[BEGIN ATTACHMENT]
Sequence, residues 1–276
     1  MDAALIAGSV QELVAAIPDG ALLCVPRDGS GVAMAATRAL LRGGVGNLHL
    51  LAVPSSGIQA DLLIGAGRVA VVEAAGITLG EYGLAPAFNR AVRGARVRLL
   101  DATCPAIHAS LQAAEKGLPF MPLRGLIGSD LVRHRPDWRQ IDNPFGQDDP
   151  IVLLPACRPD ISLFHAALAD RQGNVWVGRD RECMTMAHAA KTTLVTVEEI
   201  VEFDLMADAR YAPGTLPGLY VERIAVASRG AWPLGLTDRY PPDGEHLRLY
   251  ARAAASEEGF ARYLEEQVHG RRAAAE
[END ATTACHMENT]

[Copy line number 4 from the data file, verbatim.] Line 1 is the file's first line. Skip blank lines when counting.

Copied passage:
   101  DATCPAIHAS LQAAEKGLPF MPLRGLIGSD LVRHRPDWRQ IDNPFGQDDP